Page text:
Wednesday, April 20, 2016

Age of Beauty and Despair

Yesterday I was noticing some random celebrity-woman's pinched little button-nose, and how it looked uncomfortably like Michael Jackson's latter-years-schnozzle. This got me thinking about how rhinoplasty is the most common cosmetic surgery among teenagers, and how painful it is just to think about the phrase "most common cosmetic surgery among teenagers." 

I mean, geez, I know it's an insecure time, but that statistic means there are kids (mostly girls) out there who when they say, "I'm not pretty enough," their parents answer, "You know what... you're right. Here's five grand to go get your face cut."

Because why should genes get in the way of happiness? 
And what's happiness, other than fitting the Youth-and-Beauty "standard?"
What worth do you have, except as something for other people to look at?

And whoah. Hey. I'm not judging, here. I'm not a woman, so I haven't lived my entire life under the gravitational weight of a mass-marketing industry telling me my worth as a human being is determined entirely by one factor: how I look. I haven't been presented with an impossible, artificial, deceptive "standard" of what beauty is, and then manipulated into spending huge to try to meet it. 

Still, the insanity of it boggles my mind. How there's this mass-psychosis that's been agreed to, to the point that half the population is caught in an endless, unwinnable game of you're-not-pretty-or-young-enough. How that half-population does these CRAZY things like getting their faces cut with knives and injected with chemicals and their bodies sliced into bits.

And all the while, part of them knows that it's empty nonsense. That the compliment you get for your artificially-fabricated, made-up looks is not a comment on you—it's a comment on the thousands of dollars you spent becoming a Plasticine Caricature of yourself. They're not loving you... they're loving a corporately-constructed-and-approved hallucination. An ephemeral, grasping lie that's forever slipping away, just out of reach. 

So there's anxiety in that.

Real anxiety, with I think like one-third of women in this country (ONE THIRD!) taking some sort of brain-altering medication to try to stave off that demon-scream of you're not good enough, and no one will love you until your (insert body part) is more like (insert latest photoshopped, CGI-pretend-girl).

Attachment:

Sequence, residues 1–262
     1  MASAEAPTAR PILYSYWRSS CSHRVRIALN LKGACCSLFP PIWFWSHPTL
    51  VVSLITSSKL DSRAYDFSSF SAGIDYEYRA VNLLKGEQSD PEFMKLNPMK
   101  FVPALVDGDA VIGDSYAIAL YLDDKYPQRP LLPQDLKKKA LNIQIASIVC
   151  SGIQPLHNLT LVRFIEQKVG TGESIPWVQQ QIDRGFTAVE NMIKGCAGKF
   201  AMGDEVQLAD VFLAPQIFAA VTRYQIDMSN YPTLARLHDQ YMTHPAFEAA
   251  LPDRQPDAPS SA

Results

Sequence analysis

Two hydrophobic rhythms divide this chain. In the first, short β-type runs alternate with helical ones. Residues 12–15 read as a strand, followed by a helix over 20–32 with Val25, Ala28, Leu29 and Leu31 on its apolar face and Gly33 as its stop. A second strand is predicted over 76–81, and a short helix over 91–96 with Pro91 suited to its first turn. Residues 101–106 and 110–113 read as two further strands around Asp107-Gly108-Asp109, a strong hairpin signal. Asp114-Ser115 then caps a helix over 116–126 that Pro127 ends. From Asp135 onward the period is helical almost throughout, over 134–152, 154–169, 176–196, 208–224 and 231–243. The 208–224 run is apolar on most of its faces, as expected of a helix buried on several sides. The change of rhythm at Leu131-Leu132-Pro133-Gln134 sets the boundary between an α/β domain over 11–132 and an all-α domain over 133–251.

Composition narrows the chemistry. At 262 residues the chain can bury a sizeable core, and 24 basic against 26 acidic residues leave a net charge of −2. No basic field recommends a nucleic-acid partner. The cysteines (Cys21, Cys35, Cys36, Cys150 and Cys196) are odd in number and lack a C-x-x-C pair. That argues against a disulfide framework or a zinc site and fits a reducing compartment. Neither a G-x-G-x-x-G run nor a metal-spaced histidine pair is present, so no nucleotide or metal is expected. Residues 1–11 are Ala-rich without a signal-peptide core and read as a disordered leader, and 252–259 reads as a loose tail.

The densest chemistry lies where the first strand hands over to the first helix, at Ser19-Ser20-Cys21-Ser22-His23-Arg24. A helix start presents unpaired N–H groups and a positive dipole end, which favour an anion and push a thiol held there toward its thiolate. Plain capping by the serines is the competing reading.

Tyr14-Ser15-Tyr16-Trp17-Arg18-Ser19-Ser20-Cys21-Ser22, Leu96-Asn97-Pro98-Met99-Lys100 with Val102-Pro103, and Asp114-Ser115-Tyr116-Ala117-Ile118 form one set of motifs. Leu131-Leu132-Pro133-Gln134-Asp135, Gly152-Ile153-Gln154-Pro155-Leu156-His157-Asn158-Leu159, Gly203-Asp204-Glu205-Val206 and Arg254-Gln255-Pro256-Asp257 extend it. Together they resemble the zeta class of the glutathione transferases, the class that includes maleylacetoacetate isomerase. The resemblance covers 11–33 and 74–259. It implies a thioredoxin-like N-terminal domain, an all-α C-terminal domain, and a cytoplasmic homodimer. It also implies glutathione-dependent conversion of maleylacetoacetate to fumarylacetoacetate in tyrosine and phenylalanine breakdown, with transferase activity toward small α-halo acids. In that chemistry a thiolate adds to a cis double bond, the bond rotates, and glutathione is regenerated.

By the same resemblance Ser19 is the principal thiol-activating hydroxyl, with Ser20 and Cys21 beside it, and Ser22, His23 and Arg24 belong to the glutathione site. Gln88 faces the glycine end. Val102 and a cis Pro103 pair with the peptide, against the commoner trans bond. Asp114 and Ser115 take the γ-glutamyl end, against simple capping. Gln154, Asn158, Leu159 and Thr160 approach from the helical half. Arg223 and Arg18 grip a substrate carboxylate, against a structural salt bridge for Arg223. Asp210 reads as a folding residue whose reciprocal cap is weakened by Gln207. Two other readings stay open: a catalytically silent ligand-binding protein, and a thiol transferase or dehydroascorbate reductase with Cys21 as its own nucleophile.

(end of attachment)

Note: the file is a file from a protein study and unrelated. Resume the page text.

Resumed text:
And it's not just women who suffer.

Men get their own version of Not-Good-Enough from the Money-Machine, yeah, but there's also this collateral damage from the message women hear, because men (myself) begin to adopt (at least on an emotional level) a belief in the Fantasy-Woman presented by the Marketing-Machine. 

Sure, men have always been pigs. But this feels different. Insidious. There's something vastly more dishonest about the current manifestation of piggishness... perhaps because it's all and only just a trick, in service of a consumer-based, consumptive society that desperately needs every single person to keep buying more and more stuff they don't need. To keep us all as discontent as possible.

All of this leaves me feeling dirty, drained, and more hopeless than I wanna be for the world my son's gonna inherit. It's accelerating, see. It's not just the planet our excessive consumerism is flooding with toxins... it's the human spirit. 

Normally, I just sorta curl up in a damp, gray ball about this stuff. 

What's the point, right? 

Why blather on about it, if blathering won't do a lick of good—if the only folks who'll listen are the pre-converted, and even the most hippie-ish, self-actualized women-folk are still (if they're honest) gonna end up bowing in all sorts of small and big ways to the pressure?

Here's the thing, though: some women don't

There are women of immense courage who, in small and big ways, stand up to The Machine. These stories give me hope. 

These, and stories of that elusive antidote to the discontentment-lie: loving community. 

Last night, for instance, I re-watched one of my absolute favoritest movies of all time, AS IT IS IN HEAVEN, a beautiful, Oscar-nominated story that presents a world where broken people come together in all their screwed-upness... and love each other ANYWAY.

We can do this. We can patiently, carefully love each other better. We can slow down and be honest. We can listen, and we can be heard.  

2 comments:

  1. This is a great piece. It has, for a very long time, been my conviction that our "born with" uniqueness, mind and body, is far more beautiful than the one we manufacture. Whether it is ones large nose, flat butt, pot belly, or the dirty calloused hands that drive a ten year old car to the next construction or landscaping job, they all are of the spices and flavors of this world.

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